I played the Azumi AZ3 at the recent Florida Flute Convention. Prior to playing it, I was keen on the Yamaha 600 series — which was brilliant but a bit more than I wanted to spend as a hobbyist. The Azumi pleasantly surprised me.

        I have a lot more research to do before I make a choice. And I will also have my treacher help me along the way.

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      • Kimberly, the Classic Cut requires precise placement of the airstream to get the maximum response. It is pretty neutral in that it allows the artist to shape and color the sound without imposing a particular aesthetic on the player. It’s definitely a pro style headjoint. If I remember from trying them, the V-cut is the most forgiving, giving maximum response for players who are in the process of developing their embouchure control and the Z-cut is somewhere between the Classic and the V-cut.

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  3. Charlie Morgan said:

    Can’t find a ‘subscribe’ option. Love the info would like to subscribe.

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    • On the left side of the screen scroll down and you will see a bullet point that says “Follow blog via email”. There is a little button there that says “Follow”. You’ll get an email notice about any new posts on the blog. Thanks for reading!

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  4. Charlie Morgan said:

    As an amateur jazz player (though studied classical flute with the great Ann Kahn a while back), I have to switch back and forth between tenor sax and flute, and while tone in jazz is very important (but not as critical as in classical music), I wonder if sticking with the middle key F# fingering so it’s consistent on both instruments might be a worthy compromise. Anyone have thoughts on that.?

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    • Hi Charlie, I understand your point. Ultimately you have to decide how important using the third key F# is to you. You have to weigh ease of fingering (for you) vs. the very clear difference in tone color and pitch you sacrifice by using the middle key F# fingering on flute. The pitch of middle key fingering is noticeably flatter and the color is somewhat duller as well. That’s why the flute specialists reserve that fingering for the E-F# trill only. Another thing to consider in your decision is that many flutists play more than one type of flute, i.e., baroque flute or pre-Boehm 8-10 key flutes. The fingering systems of the different instruments are significantly different from each other, and yet the players often switch between instruments daily in their practicing and even on the same gig. What is one small fingering difference between instruments that is contextual to a specific horn? Surely what you gain in tone color and intonation is worth the small extra effort to use the flute fingering for F#. It’s up to you.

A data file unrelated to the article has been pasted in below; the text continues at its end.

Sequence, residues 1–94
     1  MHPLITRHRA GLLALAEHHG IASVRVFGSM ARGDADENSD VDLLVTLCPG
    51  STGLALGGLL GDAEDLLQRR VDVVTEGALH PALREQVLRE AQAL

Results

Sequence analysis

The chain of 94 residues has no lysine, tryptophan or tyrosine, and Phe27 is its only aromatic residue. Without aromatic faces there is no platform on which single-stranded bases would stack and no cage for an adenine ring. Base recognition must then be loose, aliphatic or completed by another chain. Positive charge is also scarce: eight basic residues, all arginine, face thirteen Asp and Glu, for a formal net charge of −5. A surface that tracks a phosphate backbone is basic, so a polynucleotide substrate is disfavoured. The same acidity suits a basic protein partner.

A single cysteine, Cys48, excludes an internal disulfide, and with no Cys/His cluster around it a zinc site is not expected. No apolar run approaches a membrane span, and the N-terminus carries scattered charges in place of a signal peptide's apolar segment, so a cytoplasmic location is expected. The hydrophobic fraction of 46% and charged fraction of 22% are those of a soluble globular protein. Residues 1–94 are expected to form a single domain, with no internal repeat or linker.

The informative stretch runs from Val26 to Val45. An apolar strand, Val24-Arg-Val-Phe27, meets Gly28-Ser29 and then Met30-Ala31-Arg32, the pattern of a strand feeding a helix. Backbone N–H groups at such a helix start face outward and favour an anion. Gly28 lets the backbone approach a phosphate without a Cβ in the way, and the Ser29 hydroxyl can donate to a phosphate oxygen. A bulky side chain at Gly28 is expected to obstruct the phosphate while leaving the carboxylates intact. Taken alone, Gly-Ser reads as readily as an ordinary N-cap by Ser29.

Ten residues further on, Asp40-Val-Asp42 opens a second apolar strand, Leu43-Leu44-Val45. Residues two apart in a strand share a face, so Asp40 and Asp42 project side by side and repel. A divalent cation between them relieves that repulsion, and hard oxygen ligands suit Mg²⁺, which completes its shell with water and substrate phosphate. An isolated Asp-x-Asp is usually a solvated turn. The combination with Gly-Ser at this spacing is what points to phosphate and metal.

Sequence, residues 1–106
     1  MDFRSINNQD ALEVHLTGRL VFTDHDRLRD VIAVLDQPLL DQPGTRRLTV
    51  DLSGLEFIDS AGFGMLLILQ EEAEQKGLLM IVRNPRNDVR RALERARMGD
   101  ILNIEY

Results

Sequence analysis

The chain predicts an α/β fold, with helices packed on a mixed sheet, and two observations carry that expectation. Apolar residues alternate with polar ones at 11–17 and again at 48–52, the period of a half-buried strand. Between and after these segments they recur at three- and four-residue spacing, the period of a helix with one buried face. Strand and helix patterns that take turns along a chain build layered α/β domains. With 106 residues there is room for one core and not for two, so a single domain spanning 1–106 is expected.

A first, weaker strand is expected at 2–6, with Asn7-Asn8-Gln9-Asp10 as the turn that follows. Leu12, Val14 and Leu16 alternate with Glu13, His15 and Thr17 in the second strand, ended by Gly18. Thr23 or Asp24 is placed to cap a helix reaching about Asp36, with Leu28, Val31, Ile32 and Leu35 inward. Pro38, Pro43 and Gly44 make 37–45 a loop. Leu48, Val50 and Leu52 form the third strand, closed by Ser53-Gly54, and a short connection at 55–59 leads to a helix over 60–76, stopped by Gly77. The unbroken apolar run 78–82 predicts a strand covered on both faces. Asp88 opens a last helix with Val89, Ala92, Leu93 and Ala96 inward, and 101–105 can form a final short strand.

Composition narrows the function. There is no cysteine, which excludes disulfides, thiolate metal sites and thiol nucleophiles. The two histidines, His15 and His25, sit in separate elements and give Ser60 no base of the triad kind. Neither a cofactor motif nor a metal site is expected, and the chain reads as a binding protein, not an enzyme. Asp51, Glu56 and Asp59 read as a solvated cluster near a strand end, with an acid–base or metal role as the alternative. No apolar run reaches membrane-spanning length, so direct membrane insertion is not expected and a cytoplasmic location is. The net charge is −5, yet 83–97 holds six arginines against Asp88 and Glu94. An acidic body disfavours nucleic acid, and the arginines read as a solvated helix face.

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      • You are right of course. Learning the complex improvisations of jazz makes me want to seek any shortcut— but this not one I will seek. (But I do love hearing how that middle finger in the third octave of the flute helps the intonation on the high F#. That may be a trade off worth using.

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      • I love the middle finger F# in the third octave! At this point, I use it much more than the standard fingering. There are some combinations with the high Bb, where there is no other option than fourth finger F#, but otherwise, middle finger is the way to go up top.